Association Between COVID-19 Relief Funds and Hospital Characteristics in the US   [open pdf - 769KB]

From the Abstract: "In response to financial stress created by the reduction in care during the COVID-19 [coronavirus disease 2019] pandemic, hospitals received financial assistance through the Coronavirus Aid, Relief, and Economic Security (CARES) Act program. To date, the allocation of CARES Act funding is not well understood. [...] This cross-sectional analysis of US-based hospitals and health systems assesses the hospital characteristics associated with CARES Act funding with linear regression models using linked hospital and health system-level information on CARES Act funding with hospital characteristics from Hospital Cost Report data. [...] The analysis included 952 hospital-level entities with an average payment of $33.6 million, most of which was received during the first payment round. Wide ranges existed in CARES Act funding, with 24% of matched hospitals receiving less than $5 million in funding and 8% receiving more than $50 million. Academic-affiliated hospitals, hospitals with higher pre-COVID-19 assets and hospitals with higher COVID-19 cases received higher levels of funding, while critical access hospitals received lower levels of financial assistance. A 10% increase in hospital assets, endowment size, and COVID-19 cases was associated with 1.4% (95% CI, 0.8% to 2.0%; P = .003), 0.2% (95% CI, 0.1% to 0.3%; P < .001), and 3.5% (95% CI, 2.8% to 4.2%; P < .001) increases in CARES Act funding, respectively. [...] In this cross-sectional study of US hospitals and health systems, findings suggest that High-Impact Distribution CARES Act funds may have disproportionately gone to hospitals that were in a stronger financial situation prior to the pandemic compared with those that were not, but funds also went disproportionately to those that eventually had the most cases."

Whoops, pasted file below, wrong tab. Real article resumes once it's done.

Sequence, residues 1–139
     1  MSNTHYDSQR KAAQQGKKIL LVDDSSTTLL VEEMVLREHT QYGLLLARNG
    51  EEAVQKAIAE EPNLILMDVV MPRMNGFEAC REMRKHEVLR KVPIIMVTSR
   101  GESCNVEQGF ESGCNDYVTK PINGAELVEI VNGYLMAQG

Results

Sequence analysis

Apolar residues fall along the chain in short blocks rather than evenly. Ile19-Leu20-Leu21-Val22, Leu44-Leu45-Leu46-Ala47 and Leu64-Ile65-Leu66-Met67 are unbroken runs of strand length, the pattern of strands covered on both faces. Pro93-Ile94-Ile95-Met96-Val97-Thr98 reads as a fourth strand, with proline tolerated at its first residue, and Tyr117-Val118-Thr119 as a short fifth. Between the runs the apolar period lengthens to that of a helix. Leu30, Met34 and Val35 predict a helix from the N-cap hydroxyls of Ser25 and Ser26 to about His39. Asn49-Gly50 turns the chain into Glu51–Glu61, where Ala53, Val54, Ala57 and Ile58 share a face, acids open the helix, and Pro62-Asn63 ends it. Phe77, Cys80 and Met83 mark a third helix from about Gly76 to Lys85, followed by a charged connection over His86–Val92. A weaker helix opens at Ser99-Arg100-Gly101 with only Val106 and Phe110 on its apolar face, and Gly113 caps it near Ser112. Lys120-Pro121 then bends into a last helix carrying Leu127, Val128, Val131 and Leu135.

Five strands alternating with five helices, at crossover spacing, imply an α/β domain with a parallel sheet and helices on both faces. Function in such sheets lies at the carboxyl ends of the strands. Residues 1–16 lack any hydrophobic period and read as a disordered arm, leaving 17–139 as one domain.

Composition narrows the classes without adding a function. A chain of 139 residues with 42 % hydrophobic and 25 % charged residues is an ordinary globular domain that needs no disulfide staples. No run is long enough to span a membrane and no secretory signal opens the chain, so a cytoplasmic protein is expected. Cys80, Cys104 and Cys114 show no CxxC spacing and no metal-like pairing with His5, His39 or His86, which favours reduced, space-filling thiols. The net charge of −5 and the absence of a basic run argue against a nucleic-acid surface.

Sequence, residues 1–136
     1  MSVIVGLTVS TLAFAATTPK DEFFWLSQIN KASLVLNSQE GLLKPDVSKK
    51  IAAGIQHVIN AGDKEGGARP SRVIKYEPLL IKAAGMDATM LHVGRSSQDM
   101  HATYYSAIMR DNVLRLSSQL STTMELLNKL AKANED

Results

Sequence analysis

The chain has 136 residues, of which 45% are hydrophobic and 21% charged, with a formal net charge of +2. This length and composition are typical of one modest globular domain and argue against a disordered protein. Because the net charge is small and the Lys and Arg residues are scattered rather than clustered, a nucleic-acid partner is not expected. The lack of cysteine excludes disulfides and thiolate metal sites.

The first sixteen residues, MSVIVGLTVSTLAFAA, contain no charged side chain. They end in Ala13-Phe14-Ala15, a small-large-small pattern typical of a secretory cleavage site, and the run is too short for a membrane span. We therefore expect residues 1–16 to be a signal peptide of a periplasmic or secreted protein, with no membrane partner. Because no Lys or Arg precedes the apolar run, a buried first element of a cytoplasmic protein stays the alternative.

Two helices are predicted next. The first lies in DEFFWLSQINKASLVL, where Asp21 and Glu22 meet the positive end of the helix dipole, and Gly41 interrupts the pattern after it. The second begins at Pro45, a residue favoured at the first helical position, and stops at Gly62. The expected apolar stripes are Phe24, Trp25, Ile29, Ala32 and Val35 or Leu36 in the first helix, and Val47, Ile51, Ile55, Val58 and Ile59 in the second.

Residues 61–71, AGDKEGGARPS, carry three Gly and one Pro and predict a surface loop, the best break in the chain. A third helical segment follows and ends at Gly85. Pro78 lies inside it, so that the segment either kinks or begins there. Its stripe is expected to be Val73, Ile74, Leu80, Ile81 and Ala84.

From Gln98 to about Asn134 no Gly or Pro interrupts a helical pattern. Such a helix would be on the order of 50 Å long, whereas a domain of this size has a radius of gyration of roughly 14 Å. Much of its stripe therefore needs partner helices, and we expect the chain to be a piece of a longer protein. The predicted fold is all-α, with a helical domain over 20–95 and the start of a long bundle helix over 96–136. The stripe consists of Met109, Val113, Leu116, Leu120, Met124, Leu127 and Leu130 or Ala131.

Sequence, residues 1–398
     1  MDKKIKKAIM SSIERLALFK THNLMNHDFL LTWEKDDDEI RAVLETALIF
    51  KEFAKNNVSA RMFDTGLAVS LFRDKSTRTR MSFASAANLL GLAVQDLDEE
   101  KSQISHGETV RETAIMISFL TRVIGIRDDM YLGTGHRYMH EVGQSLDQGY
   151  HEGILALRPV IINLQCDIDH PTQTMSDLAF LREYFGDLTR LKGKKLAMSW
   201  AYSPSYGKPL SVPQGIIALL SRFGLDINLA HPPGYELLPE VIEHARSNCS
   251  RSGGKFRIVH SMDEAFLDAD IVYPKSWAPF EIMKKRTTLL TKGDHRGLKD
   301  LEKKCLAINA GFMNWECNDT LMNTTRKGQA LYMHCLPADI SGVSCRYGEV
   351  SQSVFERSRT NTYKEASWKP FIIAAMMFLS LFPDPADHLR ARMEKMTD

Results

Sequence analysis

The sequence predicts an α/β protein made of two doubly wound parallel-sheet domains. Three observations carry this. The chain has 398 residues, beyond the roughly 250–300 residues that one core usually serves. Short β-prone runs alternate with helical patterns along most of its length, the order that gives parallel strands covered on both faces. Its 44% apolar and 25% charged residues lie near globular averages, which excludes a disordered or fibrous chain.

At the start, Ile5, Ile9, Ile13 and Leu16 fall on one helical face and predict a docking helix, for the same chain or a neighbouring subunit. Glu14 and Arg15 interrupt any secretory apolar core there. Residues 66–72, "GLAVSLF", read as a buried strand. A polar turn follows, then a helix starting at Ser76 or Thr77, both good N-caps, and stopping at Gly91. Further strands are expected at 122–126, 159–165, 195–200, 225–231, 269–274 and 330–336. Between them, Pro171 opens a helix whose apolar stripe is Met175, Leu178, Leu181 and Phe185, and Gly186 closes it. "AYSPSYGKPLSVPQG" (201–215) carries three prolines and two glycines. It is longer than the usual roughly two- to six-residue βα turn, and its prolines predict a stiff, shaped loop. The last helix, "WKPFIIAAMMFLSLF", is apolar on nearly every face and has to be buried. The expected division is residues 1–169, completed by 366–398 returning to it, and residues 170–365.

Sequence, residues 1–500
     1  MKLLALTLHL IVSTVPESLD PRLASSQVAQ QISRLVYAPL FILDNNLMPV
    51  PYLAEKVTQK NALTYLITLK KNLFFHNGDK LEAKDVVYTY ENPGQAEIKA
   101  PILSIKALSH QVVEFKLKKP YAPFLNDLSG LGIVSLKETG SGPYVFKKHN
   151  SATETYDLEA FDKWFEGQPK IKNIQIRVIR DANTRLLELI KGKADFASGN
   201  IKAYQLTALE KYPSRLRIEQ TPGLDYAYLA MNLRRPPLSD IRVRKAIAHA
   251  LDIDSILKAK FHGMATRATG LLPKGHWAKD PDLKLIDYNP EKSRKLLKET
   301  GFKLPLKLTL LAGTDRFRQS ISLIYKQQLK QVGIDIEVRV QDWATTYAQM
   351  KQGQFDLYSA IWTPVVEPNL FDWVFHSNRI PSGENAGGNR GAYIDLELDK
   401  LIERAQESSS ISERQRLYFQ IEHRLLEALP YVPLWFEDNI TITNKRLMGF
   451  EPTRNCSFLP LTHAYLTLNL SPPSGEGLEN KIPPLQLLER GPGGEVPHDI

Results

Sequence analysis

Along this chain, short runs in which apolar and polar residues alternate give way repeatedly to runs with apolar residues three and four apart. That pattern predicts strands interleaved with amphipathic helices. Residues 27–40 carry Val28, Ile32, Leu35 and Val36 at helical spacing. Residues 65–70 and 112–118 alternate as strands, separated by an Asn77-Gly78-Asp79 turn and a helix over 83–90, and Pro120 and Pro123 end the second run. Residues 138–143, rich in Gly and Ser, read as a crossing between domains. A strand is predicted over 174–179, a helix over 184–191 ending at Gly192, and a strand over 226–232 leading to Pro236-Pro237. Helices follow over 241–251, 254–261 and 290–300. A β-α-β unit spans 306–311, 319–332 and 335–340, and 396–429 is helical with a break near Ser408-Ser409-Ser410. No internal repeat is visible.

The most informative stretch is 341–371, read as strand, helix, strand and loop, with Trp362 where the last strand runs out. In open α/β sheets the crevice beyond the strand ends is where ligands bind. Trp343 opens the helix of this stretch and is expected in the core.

The Authors. Posted here with permission. Document is under a Creative Commons license and requires proper attribution and noncommercial use to be shared: [https://creativecommons.org/about/cclicenses/].
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JAMA Network: https://jamanetwork.com/
Media Type:
JAMA Health Forum (October 2021), v.2 no.10
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